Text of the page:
While the Voice of America’s senior management appears to be in a meltdown state, Guo Wengui’s latest meme, however, may not be fair to many VOA China services journalists who strongly disagree with the VOA director and the leadership of the Broadcasting Board of Governors. The rank and file VOA employees in may of VOA’s foreign language services, as well as some in the VOA Newsroom, want to see the agency reformed by the U.S. Congress and the Trump administration in a bipartisan action. The agency’s Obama era holdover executives have received some of the lowest ratings from employees in government-wide surveys for leadership skills and fostering employee engagement and morale, as noted by a Washington Post columnist. Amanda Bennett is, however, still in charge of the Voice of America, as is her boss, Broadcasting Board of Governors (BBG) CEO John F. Lansing. He is also an Obama-era appointee who has not been yet replaced.

While in the past, the Voice of America sometimes had received criticism from dissidents and others for being too soft on communist regimes at various periods during the Cold War, this appears to be the first time VOA is being bluntly compared to communist media by a dissident whistleblower from a communist country. Such drastic comparisons have not been made before in VOA’s long history and previous VOA directors never allowed similar controversies to get out of control.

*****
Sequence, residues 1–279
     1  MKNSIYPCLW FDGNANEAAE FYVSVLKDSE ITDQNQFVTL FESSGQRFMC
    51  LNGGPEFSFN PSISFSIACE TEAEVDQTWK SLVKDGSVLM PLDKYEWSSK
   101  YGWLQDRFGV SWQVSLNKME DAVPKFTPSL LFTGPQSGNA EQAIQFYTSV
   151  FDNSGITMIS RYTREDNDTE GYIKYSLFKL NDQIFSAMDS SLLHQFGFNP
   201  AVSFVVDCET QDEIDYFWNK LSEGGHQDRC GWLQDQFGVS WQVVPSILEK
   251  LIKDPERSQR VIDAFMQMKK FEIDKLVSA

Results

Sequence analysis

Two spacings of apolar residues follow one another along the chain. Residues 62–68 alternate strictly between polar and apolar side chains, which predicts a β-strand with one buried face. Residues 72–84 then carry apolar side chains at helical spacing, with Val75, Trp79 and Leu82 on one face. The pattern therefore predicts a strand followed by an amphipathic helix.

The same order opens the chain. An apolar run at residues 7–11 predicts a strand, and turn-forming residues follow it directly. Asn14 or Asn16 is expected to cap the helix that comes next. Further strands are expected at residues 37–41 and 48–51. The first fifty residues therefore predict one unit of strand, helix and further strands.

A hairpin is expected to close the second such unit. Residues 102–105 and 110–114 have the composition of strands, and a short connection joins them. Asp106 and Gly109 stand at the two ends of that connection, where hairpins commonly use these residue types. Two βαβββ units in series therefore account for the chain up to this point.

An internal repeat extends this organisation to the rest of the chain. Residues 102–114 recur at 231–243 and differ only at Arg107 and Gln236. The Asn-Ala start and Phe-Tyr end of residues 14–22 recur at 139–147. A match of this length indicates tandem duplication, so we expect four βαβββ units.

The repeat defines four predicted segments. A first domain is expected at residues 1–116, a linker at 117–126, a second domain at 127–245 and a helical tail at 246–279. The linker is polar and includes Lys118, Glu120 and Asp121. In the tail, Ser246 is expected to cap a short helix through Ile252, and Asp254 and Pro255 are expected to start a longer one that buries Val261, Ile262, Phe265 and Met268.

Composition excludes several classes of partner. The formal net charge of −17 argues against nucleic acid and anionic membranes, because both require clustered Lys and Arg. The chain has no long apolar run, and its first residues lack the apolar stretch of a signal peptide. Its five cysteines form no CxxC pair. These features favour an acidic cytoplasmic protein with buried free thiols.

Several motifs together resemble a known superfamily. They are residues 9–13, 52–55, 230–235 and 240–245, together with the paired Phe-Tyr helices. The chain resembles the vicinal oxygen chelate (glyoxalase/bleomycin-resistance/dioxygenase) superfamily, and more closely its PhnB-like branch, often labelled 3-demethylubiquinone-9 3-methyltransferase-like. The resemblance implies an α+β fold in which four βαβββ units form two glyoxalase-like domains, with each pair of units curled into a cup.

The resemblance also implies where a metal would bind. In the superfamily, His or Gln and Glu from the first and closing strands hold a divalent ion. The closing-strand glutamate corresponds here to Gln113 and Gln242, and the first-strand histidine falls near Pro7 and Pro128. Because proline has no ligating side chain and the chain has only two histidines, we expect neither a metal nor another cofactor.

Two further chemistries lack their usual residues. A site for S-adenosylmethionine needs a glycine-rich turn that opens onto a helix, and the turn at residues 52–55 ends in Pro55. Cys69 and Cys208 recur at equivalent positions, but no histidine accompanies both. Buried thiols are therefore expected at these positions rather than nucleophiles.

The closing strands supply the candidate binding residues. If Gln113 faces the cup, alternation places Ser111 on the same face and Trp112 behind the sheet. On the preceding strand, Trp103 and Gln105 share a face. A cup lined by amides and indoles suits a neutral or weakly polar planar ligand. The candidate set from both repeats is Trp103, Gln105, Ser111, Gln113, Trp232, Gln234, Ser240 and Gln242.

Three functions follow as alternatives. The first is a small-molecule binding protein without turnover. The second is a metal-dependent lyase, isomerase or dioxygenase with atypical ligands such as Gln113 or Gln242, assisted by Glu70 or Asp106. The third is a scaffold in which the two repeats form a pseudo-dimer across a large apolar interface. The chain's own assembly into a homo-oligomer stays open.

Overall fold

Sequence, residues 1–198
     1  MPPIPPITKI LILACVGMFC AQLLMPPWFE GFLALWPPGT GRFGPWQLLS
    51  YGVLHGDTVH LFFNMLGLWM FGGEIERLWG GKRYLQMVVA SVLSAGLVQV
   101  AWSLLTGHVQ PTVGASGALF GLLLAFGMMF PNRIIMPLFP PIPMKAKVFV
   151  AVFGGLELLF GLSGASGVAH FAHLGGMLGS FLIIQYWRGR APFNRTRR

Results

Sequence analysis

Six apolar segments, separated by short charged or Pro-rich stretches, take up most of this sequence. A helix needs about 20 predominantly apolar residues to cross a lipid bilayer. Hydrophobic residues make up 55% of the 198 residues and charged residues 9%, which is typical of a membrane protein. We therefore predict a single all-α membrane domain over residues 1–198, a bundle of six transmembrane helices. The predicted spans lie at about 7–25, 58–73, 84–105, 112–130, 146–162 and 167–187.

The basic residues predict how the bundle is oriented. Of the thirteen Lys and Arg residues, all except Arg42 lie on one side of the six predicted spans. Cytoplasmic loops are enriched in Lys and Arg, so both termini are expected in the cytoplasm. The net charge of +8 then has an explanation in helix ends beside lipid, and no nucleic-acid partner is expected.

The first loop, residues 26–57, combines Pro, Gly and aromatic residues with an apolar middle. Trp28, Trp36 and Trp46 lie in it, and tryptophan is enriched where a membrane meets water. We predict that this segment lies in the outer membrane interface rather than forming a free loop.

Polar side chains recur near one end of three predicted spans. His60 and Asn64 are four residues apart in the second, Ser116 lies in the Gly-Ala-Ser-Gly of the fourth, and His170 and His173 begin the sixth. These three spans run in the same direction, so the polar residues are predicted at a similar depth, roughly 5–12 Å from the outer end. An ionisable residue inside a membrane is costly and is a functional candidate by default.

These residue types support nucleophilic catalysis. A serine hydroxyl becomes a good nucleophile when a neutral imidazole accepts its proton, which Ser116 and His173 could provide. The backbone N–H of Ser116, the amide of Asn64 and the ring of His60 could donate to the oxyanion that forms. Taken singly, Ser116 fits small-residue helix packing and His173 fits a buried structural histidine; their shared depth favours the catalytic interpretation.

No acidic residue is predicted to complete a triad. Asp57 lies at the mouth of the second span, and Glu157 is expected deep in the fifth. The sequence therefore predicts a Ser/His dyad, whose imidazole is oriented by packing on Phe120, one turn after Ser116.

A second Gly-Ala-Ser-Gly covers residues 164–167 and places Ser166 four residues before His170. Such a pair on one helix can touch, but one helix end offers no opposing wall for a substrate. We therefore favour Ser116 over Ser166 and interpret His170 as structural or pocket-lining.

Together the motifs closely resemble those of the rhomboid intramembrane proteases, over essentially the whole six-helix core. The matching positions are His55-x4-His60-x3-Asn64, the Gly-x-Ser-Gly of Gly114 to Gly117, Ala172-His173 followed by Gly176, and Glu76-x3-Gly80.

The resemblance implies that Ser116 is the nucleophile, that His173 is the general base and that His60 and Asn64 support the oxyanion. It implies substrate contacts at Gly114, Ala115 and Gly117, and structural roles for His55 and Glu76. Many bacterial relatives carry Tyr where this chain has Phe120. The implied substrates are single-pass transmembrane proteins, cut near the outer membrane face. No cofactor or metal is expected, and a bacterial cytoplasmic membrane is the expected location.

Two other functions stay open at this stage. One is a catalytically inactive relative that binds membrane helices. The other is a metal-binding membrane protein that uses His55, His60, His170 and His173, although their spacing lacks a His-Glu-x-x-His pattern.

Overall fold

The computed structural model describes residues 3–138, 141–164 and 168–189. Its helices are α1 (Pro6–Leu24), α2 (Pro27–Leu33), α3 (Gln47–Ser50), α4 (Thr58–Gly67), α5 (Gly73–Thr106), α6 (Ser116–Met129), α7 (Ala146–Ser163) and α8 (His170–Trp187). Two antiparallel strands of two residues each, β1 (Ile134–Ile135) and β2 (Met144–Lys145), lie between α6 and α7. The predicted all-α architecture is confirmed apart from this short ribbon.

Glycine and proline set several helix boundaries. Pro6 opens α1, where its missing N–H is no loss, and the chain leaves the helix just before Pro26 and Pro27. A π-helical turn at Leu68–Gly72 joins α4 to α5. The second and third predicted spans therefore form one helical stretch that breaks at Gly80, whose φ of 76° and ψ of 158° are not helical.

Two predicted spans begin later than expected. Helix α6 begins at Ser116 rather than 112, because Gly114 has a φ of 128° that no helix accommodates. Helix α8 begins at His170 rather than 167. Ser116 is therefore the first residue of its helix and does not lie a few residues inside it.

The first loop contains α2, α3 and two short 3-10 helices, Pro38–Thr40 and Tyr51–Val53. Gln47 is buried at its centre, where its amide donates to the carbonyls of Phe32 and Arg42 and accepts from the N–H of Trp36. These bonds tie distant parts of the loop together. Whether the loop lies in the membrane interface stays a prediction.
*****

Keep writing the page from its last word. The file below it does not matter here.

While Mr. Guo has the right to be bitter about his treatment by VOA’s senior leaders, his comparison in its totality is not entirely fair to all VOA journalists, as we pointed out, although his criticism of Voice of America and Broadcasting Board of Governors high-ranking officials is certainly well deserved. It is no secret that some of them, both past and present, have done corporate business in communist China and in Putin’s Russia or that family wealth of some of them may depend on doing business in countries where regimes violate human rights of their citizens.

Perhaps the Voice of America could redeem itself by doing some investigative reporting on its own house. We know that such investigative reporting by VOA journalists on their agency’s own leaders is not likely to happen, but a change of the agency’s leadership would be highly welcome by many and is long overdue. If it does not come soon, the current management team may alienate even more whistleblowers and human rights defenders around the world and further undermine VOA’s reputation and credibility. The Guo Wengui meme shows how bad things are currently at the Voice of America and the Broadcasting Board of Governors.